Though there are a wide variety of reasons why people pay an astrologer an office visit, his advice is most often sought when making major long-term decisions (i.e. change of residence, choosing a career, marriage, etc.) and short-term decisions (one's business, the signing of a document, the purchase of a car or house, etc.)

If the client so requests, the astrologer may even choose the precise moment when an event should take place based on the Nakshatr(a) [1/27th equal division of the zodiacal band] the Moon occupies and the nature of any transiting planets [and numerous other calculation results]. If the client requires short-term counsel or needs to chat, a visit is possible without an appointment.

Though his advice is based on precise mathematical calculations, his real ability to counsel is predicated on an unselfish concern for others, objective insight and experiential wisdom.

In addition to the astrologer's position in the community as general seer, confidante, and therapist, he is also the source of sacred knowledge. In ancient times the astrologer believed he had a direct line to the Gods, that his words had a divine source, that he was an intermediary who transmitted sacred teachings.

Although there are some religious gurus in India who teach meditative techniques and others who profess to have the ability to heal and power to bless, it is the astrologer who, like the priest or rabbi, provides non-judgmental and wise counsel.

His astrological sessions are, at times, "confessionals" furnishing comfort, hope and encouragement in bleaker moments. Unlike his Western counterpart, the Hindu astrologer serves the community and is available for advice whenever needed.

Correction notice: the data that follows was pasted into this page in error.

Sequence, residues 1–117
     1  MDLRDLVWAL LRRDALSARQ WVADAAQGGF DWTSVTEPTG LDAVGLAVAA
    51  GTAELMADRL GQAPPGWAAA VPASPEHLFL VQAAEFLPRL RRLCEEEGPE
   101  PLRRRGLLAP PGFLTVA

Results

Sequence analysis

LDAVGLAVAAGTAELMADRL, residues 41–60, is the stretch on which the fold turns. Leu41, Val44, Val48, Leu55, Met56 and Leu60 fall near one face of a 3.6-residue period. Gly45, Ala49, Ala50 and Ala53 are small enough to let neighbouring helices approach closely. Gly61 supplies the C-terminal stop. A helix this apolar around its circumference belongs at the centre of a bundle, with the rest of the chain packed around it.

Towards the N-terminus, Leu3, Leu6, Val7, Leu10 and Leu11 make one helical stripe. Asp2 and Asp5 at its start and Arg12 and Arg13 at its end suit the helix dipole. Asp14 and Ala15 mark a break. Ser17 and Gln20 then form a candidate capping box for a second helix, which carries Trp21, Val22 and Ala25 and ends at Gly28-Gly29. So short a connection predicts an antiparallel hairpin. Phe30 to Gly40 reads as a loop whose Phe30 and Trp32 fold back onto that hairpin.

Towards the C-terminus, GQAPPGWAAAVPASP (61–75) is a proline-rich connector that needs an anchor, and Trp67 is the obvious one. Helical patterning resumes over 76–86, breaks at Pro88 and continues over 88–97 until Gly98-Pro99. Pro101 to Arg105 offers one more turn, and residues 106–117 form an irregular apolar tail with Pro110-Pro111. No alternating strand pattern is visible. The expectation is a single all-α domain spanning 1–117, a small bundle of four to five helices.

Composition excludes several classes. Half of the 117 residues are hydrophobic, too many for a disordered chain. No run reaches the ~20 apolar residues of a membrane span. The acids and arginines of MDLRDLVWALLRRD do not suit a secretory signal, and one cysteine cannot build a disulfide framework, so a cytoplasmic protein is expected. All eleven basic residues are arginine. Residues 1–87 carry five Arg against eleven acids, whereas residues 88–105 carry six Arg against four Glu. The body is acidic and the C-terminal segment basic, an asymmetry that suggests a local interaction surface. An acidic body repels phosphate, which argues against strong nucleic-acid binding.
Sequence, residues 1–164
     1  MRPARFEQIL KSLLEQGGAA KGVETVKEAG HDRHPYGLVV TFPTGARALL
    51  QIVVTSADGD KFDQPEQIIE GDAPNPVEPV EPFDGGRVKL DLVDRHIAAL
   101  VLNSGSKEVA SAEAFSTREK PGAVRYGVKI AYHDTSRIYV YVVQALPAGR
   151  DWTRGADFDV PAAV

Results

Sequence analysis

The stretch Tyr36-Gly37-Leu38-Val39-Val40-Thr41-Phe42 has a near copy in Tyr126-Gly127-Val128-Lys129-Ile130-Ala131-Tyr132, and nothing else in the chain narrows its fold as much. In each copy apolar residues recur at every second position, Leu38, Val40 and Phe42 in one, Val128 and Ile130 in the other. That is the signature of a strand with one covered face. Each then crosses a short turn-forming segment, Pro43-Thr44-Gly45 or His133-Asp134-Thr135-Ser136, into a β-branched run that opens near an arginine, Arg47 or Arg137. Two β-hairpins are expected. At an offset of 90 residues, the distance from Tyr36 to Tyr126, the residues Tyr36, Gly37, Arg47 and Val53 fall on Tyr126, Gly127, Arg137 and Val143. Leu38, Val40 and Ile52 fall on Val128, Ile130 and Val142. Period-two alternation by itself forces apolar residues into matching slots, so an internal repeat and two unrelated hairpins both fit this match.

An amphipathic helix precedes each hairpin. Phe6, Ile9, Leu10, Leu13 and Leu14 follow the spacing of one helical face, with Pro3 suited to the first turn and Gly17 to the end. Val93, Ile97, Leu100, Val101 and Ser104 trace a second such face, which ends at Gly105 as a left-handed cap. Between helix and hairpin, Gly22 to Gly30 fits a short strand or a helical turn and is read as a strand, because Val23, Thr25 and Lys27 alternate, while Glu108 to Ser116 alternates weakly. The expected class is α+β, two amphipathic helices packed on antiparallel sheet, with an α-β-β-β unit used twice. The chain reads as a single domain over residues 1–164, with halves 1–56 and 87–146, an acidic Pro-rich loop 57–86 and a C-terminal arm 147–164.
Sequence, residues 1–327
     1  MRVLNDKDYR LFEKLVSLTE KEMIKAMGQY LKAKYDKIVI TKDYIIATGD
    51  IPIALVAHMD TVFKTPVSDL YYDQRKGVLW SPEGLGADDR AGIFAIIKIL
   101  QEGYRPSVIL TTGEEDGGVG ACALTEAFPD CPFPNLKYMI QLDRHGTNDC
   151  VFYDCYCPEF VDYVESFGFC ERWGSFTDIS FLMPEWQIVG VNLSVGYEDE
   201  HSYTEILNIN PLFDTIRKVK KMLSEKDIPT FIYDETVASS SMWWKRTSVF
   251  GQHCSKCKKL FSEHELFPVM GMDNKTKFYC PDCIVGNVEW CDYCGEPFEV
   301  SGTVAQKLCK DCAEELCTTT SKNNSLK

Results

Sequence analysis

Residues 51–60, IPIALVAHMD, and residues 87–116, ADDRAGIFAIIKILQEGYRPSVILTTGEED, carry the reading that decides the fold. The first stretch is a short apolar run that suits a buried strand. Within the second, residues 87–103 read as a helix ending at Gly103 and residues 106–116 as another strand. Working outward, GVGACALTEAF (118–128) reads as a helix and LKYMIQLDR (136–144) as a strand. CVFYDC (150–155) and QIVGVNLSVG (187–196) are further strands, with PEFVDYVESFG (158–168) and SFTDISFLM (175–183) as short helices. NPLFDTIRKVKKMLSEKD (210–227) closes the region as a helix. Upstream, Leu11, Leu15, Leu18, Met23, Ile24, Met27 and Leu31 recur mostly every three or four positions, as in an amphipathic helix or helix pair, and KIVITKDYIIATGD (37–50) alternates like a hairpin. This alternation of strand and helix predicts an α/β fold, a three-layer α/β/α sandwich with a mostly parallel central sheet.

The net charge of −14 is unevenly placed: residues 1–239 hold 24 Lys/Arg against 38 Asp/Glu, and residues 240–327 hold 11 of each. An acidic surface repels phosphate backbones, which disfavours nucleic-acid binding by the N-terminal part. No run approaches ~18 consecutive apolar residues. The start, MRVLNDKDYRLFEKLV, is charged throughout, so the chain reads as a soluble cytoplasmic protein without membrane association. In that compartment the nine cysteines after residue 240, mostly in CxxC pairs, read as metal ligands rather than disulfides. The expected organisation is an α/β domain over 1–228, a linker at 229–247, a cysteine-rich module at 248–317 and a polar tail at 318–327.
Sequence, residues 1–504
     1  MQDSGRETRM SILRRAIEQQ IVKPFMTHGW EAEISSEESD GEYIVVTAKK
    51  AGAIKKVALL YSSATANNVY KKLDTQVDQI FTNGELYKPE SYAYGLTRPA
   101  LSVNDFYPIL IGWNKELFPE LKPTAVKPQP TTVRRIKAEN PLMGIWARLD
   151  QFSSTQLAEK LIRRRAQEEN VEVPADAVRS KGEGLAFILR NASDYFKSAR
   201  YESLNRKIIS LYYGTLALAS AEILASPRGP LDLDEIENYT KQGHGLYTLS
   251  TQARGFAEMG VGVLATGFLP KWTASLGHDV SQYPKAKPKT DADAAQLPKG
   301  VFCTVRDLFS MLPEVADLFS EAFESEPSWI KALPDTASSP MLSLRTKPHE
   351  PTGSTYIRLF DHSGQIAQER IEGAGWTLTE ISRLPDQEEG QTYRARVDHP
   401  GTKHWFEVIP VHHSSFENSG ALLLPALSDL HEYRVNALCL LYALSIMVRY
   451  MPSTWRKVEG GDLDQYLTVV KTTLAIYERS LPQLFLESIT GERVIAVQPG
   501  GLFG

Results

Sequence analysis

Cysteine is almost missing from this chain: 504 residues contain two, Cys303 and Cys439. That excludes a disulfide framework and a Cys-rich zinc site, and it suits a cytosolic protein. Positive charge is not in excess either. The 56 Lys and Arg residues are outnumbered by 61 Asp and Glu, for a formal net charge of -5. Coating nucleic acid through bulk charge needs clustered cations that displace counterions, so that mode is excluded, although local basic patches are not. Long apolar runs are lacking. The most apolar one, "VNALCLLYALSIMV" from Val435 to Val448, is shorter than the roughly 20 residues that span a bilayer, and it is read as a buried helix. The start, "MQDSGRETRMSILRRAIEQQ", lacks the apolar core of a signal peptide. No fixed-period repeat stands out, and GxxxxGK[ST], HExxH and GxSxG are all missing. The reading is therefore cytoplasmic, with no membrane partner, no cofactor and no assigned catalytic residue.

Modern young Hindus do not always visit an astrologer for accurate lifelong prediction as their parents did. Instead they seek him for unbiased advice, or simply to discuss their problems. If they leave less burdened, their visit was worthwhile.

Perhaps the astrologer's most significant duty towards his community is sanctioning marriages, still mostly pre-arranged by the parents and one of the most important decisions a woman and a man must make.

As is the case with many contemporary cultures and religions whose ancient traditions are still practiced, Hindu matrimony is not merely the marriage of two individuals but the union of two families. More often than not, it is part of a business merger or other profitable exchange in which each family, as a result of the wedding, gives something the other needs.

If a business transaction is not the criterion, the parents will seek out a prospective son or daughter-in-law from a family of appropriate caste [class] who will be a good provider for their children and grandchildren.

Because marriage is such an important decision to be made, te astrologer tells the family how he feels about a possible union in no uncertain terms. If he approves, his enthusiasm is boundless. If, however, he feels strongly that the marriage will bring disastrous results, he adamantly orders a rejection of the proposal. It also illustrates the power he wields over lives, a quality which, ironically, endears him to the Hindu community.

Although an astrologer's office will reflect his individuality, there are certain objects which remain constant. What I remember most about Pandit Shastri's office was that there were books in every corner of the room, not only about astrology but about healing rituals, medicine, child development and other related subjects.

As an example of his devotion, there was a miniature altar upon which stood a photo of his spiritual guru or patron God/Goddess, flowers and burning incense. Covering the walls were murals and photos of various Gods, Goddesses and astrological and Vedic sages, all of which tied to the study of astrology.

Most importantly, somewhere in most every astrologer's room or office, there is a photograph or reproduction of the elephant-God, Ganesh -- who guards the realm of secret knowledge, including astrology -- one of the highest forms of knowledge that the Gods and Goddesses are said to have bestowed upon Earth.

Om Shanti, Shanti, Shanti